Community Maintenance

We Will Fix It Next Year…

All communities deal with limited funds and often a long list of projects as they develop their annual budgets.  The reality is that some projects must be delayed due to limited resources or the higher priority of other projects.  However, the cost of such deferred maintenance is often unknown or not well accounted for, thus the decision-making process can be somewhat flawed.  It can be a hard choice to make repairs this year and easier to let them slide until sometime later.  This often results in playing catch-up on a growing project list.

Often engineers are asked to prioritize a list of projects as a third party. It is typically recommended that life safety hazards or projects with the potential to damage personal property are given the highest priority. Secondly, the most deficient items are ranked as medium level priorities, and then those that are not expected to become a serious problem for several years are given the lowest priority. Occasionally, communities have this prioritization skewed.  The list should not prioritize aesthetic items like new mailboxes or flowers when there are major structural, mechanical, or electrical issues to address.

Keep in mind that it is more cost effective to perform as much work as possible, now, than to defer repairs until later.  Research has shown that every $1 of deferred repairs results in $4 of repairs, later. Other research indicates that deferred maintenance can cost 15 times more than the repair. The longer a repair is delayed, the more expensive and extensive the project will be.

Postponing the work can have serious cost implications.  I have seen a parking garage repair project with a 30% increase in the original cost related to additional concrete repair quantities, when the project was delayed by just two years. Deferred repairs to HVAC and electrical equipment often results in replacement of the equipment, which vastly exceeds the cost of the repairs.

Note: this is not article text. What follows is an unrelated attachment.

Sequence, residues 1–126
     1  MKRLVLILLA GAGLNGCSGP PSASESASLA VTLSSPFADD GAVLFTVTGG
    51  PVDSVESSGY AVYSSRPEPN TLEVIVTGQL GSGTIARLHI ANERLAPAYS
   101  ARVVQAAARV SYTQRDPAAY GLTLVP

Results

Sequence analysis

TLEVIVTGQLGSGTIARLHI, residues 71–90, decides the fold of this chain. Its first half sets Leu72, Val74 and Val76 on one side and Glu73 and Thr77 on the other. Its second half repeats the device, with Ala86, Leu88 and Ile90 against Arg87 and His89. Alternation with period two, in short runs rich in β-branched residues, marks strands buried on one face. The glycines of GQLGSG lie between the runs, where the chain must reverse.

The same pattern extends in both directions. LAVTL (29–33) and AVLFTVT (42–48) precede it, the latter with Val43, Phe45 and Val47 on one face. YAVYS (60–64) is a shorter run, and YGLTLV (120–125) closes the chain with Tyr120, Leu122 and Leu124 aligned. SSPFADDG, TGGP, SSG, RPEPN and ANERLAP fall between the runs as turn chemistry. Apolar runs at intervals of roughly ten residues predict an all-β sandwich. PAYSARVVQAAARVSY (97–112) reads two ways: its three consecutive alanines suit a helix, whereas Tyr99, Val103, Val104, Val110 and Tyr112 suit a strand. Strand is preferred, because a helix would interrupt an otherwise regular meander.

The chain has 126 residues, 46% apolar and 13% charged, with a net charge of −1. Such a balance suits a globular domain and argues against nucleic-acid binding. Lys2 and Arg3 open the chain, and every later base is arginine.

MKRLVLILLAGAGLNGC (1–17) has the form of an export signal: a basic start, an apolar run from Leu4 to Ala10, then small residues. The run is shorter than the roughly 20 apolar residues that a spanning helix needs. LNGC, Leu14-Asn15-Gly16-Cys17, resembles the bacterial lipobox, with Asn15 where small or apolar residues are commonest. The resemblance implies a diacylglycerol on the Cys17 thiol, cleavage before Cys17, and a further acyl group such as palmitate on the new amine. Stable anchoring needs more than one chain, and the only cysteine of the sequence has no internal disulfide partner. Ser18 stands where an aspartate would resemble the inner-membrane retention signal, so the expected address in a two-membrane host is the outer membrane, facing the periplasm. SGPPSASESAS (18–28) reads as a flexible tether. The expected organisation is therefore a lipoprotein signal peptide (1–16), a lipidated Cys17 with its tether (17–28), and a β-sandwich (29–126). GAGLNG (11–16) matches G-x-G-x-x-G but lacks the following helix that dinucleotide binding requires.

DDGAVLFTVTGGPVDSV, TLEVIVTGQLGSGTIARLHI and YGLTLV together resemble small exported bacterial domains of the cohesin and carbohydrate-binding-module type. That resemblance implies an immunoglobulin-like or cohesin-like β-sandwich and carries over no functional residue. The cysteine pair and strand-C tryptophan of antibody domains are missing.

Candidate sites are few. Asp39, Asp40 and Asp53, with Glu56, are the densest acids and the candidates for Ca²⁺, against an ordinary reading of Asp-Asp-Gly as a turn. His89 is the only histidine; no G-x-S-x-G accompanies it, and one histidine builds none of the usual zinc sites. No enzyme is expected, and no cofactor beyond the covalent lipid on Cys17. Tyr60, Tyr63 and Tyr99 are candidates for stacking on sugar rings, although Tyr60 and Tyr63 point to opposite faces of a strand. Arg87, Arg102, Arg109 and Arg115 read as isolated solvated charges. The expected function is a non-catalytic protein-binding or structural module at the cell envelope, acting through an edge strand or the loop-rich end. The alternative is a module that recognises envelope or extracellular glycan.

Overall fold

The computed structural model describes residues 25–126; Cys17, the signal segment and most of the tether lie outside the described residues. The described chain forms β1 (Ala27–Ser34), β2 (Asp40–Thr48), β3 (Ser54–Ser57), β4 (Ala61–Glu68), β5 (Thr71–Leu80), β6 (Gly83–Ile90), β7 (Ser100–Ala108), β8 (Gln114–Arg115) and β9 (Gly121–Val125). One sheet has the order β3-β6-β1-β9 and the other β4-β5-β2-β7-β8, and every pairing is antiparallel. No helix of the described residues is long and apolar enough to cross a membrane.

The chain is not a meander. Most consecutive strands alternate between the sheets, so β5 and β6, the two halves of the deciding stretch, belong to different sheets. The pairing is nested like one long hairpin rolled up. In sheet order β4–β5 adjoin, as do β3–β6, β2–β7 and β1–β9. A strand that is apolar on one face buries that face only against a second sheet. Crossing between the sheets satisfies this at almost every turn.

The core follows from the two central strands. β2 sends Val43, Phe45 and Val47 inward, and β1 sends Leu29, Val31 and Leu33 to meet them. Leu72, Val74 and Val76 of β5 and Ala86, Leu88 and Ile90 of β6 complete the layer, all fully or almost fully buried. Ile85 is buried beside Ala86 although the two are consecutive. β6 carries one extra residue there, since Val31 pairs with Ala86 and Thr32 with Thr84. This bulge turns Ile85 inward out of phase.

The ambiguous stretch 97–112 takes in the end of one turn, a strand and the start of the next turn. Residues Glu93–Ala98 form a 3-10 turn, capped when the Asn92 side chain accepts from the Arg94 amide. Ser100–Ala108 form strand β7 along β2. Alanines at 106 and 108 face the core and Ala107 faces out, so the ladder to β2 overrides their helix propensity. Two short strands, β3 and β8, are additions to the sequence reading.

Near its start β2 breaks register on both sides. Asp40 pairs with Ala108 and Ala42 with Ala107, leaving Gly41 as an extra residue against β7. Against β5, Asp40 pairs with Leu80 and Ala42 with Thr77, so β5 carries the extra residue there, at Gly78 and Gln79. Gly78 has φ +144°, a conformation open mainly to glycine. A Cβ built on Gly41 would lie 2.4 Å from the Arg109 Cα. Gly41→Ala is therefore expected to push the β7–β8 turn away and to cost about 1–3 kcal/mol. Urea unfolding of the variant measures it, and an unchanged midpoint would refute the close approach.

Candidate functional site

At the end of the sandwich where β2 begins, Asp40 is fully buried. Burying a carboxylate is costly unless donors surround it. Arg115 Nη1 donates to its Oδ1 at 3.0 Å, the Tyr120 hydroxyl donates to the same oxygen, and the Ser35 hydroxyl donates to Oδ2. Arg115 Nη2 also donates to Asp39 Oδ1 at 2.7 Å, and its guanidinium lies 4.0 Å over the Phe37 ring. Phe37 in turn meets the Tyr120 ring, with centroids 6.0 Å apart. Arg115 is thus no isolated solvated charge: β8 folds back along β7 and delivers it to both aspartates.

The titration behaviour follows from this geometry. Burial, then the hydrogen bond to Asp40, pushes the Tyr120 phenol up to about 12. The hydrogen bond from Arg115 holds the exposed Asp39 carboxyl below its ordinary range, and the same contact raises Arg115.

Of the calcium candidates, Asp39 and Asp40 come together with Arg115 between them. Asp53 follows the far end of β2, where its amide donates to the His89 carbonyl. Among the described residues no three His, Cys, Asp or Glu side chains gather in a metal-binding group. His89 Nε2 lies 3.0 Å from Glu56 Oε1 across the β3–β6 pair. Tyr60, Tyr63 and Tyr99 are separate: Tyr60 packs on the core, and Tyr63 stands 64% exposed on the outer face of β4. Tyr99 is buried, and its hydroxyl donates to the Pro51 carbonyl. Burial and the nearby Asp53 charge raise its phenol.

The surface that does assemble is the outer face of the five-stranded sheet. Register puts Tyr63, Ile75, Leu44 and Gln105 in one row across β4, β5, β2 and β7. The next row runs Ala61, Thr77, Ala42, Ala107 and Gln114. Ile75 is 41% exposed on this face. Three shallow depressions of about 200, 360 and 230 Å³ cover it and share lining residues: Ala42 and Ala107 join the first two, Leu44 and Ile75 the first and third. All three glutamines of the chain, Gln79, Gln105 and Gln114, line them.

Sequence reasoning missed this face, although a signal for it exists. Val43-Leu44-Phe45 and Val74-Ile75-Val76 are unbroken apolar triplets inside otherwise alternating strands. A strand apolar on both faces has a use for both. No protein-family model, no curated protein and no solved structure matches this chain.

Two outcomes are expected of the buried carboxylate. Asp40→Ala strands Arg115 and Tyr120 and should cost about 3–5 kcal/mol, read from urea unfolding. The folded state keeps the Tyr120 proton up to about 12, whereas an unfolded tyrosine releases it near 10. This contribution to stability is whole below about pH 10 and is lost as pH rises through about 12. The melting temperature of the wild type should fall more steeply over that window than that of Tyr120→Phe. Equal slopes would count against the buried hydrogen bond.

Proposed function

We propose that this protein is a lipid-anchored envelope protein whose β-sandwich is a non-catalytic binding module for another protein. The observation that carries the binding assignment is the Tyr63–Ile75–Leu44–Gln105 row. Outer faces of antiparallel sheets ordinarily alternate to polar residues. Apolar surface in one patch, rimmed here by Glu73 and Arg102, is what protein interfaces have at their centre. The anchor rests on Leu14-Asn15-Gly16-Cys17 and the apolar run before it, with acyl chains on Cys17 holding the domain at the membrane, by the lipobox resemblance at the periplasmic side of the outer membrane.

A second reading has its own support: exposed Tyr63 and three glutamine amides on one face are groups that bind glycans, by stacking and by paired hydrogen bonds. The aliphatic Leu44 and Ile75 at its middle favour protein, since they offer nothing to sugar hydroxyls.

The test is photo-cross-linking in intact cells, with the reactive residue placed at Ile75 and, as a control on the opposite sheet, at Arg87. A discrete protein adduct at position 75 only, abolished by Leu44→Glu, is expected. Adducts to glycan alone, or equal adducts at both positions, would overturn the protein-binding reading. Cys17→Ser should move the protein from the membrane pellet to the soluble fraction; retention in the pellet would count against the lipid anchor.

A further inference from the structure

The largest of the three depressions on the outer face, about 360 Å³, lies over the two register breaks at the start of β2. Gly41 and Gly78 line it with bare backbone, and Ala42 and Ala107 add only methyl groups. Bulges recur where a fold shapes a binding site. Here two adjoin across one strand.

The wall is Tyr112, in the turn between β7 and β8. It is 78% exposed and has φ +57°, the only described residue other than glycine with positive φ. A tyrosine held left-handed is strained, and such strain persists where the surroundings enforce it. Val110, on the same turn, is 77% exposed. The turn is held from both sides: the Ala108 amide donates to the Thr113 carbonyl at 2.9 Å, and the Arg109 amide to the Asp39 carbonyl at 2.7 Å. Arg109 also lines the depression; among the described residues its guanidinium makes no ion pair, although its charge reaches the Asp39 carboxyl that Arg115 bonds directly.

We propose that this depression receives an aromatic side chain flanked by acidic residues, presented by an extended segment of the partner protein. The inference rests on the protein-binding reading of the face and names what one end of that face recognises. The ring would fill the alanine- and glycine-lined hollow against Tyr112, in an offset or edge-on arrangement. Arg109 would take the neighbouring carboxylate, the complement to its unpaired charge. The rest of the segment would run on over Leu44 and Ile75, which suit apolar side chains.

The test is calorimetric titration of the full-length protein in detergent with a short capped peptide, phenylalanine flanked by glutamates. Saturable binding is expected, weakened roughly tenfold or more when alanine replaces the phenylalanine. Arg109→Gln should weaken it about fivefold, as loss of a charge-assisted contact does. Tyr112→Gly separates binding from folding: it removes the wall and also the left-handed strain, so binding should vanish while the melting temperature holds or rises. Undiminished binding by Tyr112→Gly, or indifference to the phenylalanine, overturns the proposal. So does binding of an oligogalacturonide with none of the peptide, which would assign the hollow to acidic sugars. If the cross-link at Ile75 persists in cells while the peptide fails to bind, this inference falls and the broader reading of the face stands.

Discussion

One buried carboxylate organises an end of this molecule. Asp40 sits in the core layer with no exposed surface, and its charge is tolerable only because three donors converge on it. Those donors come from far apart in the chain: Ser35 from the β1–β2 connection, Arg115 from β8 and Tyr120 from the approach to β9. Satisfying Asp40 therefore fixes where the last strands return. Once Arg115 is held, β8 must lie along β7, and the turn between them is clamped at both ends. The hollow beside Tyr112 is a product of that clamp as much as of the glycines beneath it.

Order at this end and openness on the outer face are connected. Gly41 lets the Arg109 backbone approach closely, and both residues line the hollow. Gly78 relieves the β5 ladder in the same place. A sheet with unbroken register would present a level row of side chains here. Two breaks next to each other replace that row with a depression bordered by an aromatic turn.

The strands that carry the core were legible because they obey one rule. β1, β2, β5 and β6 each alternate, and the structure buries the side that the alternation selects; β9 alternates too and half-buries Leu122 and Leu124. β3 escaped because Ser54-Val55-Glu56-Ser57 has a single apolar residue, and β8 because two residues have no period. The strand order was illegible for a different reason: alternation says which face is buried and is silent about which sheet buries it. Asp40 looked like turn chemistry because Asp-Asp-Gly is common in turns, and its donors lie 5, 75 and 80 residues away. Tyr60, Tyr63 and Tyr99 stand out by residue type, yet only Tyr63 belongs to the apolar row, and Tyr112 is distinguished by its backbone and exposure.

Rarely does postponement result in lower prices.  Being in a financial position to take advantage of price reductions in the early part of the pandemic, when many projects were being shut down/postponed and work was in short supply, proved to be sound planning.  Procrastination through the pandemic has reaped huge budget implications as the cost of many raw materials have skyrocketed related to COVID-19.  Plywood that historically cost $12 a sheet now costs over $70.  Anything that is metal, like nails, screws, and bolts, also costs much more.  The shortage of needed materials does not just exist in construction, as computer chips are limited.  Thus, technology and construction related projects and upgrades are now more expensive with long delivery times. It is unknown if or when these dramatic cost increases and/or limited supply will return to “normal.”

Disruption to the community is often overlooked as a cost of deferred maintenance. Most repair projects are noisy and require that the residents be inconvenienced by shutting down HVAC systems, restricting parking, taking an elevator out of service, closing a balcony, etc.

Some communities that deferred projects during the pandemic are considering doubling up on the projects in the coming year to make up for a season of inactivity. This approach will likely result in seemingly continuous repairs/upheaval to the building and double the duration of the aggravation.  With more people working from home, this will almost certainly push the patience of the association to the brink.

Long-term deferred maintenance of numerous projects or the lack of performing repairs, in general, will often result in emergency repairs due to failures or local government citations.  Emergency repairs are much more costly than planned repairs and must be performed immediately. Even well-maintained properties can have an emergency project, but they are usually few and far between.

The more quickly that a repair is performed will result in reduced costs in the long-term.  The other benefit of this approach is that the long list of projects will be reduced to a much less overwhelming size. Taking this information into consideration should aid in making budget decisions and planning in an informed, proactive way.

By Christopher W. Carlson, P.E., SECB

Chris is certified in the practice of structural engineering, has over 30-years of engineering experience, and is a recognized expert in the industry. He specializes in the evaluation and rehabilitation of defects in commercial and residential buildings, retaining walls, and parking garages.

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